The National Housing and Homelessness Agreement (NHHA)

The National Housing and Homelessness Agreement (NHHA) came into effect on 1 July 2018. This agreement replaced previous funding agreements with states and territories (the National Affordable Housing Agreement (NAHA) supported by the National Partnership Agreement on Homelessness (NPAH)) (FFR 2018).

The Australian Government has committed to a one‑year extension of the NHHA which will provide approximately $1.7 billion in 2023–24 to state and territory governments for housing and homelessness services.  This includes an additional $67.5 million of funding to assist the sector to help tackle homelessness challenges as part of the one‑year extension. This funding is matched by the states and territories (COA 2023a). 

In addition to the NHHA, the Australian Government will provide $187.5 million to state and territory governments through National Partnership payments for housing and essential services, and remote housing programs (COA 2023b).

The objective of the NHHA

The objective of the NHHA is to contribute to improving access to affordable, safe, and sustainable housing across the housing spectrum from crisis housing to home ownership (including to prevent and address homelessness), and to support social and economic participation.

The key outcomes this agreement will contribute to include:

  • a well-functioning social housing system that operates efficiently, sustainably and is effective in assisting low-income households and priority homeless cohorts to manage their needs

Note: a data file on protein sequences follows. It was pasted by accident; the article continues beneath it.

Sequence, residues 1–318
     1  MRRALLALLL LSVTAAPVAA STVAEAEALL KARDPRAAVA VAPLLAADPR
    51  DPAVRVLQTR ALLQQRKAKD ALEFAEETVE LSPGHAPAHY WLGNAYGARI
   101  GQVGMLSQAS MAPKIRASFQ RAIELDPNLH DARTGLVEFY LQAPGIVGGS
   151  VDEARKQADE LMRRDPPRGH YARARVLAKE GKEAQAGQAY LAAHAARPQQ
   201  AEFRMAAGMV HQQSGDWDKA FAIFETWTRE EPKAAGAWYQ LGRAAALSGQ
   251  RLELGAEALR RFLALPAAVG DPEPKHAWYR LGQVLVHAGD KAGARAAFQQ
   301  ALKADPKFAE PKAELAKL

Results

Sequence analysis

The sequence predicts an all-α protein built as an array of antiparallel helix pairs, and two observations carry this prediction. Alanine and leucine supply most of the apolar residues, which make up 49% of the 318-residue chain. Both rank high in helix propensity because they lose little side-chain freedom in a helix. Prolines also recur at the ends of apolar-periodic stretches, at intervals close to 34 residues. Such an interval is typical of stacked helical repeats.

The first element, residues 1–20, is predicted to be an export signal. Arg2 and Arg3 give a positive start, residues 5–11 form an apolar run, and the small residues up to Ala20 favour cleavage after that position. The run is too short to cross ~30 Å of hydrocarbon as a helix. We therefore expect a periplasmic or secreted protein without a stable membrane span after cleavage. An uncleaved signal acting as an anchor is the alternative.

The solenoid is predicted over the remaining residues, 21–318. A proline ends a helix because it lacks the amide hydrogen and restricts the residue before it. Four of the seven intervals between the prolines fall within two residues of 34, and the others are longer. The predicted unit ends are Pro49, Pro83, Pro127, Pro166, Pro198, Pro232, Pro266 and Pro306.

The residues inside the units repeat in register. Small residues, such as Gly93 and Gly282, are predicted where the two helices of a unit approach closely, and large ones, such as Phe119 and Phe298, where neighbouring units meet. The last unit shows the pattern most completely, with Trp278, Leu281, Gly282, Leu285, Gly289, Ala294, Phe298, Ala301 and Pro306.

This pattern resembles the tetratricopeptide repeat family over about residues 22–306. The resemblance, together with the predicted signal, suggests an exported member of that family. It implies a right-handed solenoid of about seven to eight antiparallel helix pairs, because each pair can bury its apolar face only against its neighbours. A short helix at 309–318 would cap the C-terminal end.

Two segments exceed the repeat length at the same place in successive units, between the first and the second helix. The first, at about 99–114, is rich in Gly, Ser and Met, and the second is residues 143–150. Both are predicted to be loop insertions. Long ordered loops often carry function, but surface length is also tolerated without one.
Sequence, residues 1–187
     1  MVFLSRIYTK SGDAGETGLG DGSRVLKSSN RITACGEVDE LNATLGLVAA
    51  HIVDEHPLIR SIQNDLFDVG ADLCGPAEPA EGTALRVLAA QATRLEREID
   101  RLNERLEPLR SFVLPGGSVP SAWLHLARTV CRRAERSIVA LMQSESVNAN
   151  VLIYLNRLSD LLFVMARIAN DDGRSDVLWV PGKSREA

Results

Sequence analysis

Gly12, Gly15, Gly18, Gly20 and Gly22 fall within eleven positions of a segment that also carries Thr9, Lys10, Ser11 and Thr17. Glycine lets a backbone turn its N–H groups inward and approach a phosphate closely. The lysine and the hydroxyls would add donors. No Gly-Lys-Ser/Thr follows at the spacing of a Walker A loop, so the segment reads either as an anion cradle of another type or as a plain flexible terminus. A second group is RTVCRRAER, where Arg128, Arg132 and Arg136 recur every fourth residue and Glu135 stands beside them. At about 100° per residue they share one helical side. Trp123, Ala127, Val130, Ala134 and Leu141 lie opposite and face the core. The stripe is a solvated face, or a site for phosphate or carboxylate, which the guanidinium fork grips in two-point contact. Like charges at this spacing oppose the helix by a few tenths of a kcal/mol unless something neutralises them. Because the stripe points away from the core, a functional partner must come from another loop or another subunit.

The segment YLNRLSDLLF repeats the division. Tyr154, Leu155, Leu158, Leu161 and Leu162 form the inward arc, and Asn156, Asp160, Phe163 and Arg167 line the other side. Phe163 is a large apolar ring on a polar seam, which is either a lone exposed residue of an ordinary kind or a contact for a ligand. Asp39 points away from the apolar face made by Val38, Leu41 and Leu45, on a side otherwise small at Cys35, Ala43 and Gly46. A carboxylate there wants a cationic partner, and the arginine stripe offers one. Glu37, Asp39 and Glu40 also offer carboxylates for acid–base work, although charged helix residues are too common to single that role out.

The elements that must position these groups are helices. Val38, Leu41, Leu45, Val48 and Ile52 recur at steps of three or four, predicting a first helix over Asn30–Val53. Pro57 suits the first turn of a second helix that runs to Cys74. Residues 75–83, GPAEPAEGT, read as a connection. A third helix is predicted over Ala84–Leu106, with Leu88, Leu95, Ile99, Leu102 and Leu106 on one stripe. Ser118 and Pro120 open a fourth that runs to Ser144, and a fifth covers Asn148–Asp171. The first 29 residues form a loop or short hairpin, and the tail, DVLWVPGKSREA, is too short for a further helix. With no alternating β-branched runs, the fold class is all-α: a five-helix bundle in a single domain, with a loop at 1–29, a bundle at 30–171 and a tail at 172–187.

• affordable housing options for people on low-to-moderate incomes
  • an effective homelessness system, which responds to and supports people experiencing homelessness or at risk of homelessness to achieve and maintain housing, and addresses the incidence and prevalence of homelessness
  • improved housing outcomes for Indigenous people
  • a well-functioning housing market that responds to local conditions
  • improved transparency and accountability in respect of housing and homelessness strategies, spending, and outcomes.

Several homelessness priority cohorts have been specifically identified in the agreement and must be addressed in each state and territory’s homelessness strategy:

  • women and children affected by family and domestic violence
  • children and young people
  • Indigenous people
  • people experiencing repeat homelessness
  • people exiting institutions and care into homelessness
  • older people.

In addition, several homelessness priority policy reform areas have been identified:

  • achieving better outcomes for people
  • early intervention and prevention
  • commitment to service program and design.

Emerging housing policies